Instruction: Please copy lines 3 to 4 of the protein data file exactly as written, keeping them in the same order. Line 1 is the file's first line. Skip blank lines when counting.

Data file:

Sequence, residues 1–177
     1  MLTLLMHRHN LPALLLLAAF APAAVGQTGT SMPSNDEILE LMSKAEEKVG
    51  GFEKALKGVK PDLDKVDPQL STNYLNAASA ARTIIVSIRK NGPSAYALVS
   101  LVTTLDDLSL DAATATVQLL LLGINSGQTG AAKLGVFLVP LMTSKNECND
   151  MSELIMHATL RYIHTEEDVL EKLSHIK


    51  GFEKALKGVK PDLDKVDPQL STNYLNAASA ARTIIVSIRK NGPSAYALVS
   101  LVTTLDDLSL DAATATVQLL LLGINSGQTG AAKLGVFLVP LMTSKNECND